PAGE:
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Row brewing over Rwanda ‘fast-track’ plan
Rishi Sunak Pic: Shutterstock

16 Jan 2024 / britain Print

Row brewing over Rwanda ‘fast-track’ plan

The Law Society Gazette of England and Wales says that a constitutional row appears to be brewing in Britain over the deployment of judges to handle appeals against the deportation of asylum-seekers to Rwanda.

In what the Gazette describes as “an unusually forthright statement”, the Judicial Office said that the deployment of judges was a matter for the lady chief justice and senior tribunals president.

The judiciary was responding to reports that British Prime Minister Rishi Sunak (pictured) plans to draft 150 judges to fast-track Rwanda appeals.

The Judicial Office told the Gazette that it was “central to the rule of law” that judicial deployment remained a decision for the independent judiciary.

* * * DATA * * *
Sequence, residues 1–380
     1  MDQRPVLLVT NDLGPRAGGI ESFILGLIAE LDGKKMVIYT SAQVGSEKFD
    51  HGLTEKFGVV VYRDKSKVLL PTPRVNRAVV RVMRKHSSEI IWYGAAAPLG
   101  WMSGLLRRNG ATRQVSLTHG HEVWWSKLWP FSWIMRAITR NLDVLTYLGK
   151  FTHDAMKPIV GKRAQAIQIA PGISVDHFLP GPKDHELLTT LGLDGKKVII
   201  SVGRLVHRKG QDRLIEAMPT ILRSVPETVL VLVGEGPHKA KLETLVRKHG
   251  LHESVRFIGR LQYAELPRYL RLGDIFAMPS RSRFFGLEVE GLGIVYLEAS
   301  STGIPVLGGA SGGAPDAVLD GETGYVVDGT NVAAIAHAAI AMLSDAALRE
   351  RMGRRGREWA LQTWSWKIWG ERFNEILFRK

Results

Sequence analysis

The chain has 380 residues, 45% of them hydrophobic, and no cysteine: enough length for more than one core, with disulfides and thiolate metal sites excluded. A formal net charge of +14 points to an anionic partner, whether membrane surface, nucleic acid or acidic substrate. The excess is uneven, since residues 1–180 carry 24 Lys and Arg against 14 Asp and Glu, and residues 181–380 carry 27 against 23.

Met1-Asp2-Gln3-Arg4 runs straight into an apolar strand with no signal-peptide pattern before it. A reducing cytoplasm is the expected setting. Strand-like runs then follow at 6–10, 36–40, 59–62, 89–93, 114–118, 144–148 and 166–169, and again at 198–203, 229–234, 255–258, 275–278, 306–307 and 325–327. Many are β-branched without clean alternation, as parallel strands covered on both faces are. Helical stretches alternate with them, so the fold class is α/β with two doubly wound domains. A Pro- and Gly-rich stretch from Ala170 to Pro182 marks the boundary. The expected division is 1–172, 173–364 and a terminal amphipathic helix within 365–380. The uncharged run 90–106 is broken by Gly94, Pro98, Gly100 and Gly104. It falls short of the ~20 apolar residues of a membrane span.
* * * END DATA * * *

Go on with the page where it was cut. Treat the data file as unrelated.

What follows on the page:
The latest version of the Safety of Rwanda (Asylum and Immigration) Bill is going to committee stage in the House of Commons today (16 January), with Sunak reportedly facing a revolt within the Conservative Party over the issue.

The bill is an attempt to overcome last year’s ruling by the Supreme Court that the plan to send asylum-seekers to Rwanda was unlawful.

According to the Gazette, the Illegal Migration Act allows the senior tribunals president to ask first-tier tribunal judges to sit in the upper tribunal, and the president has identified judges who can be asked if needed.

The Judicial Office said that the decision on temporary deployment was for the judiciary, and would be taken in the interests of justice, taking into account the need to deal efficiently with all cases before the first-tier and upper tribunals at the time.

Gazette Desk
Gazette.ie is the daily legal news site of the Law Society of Ireland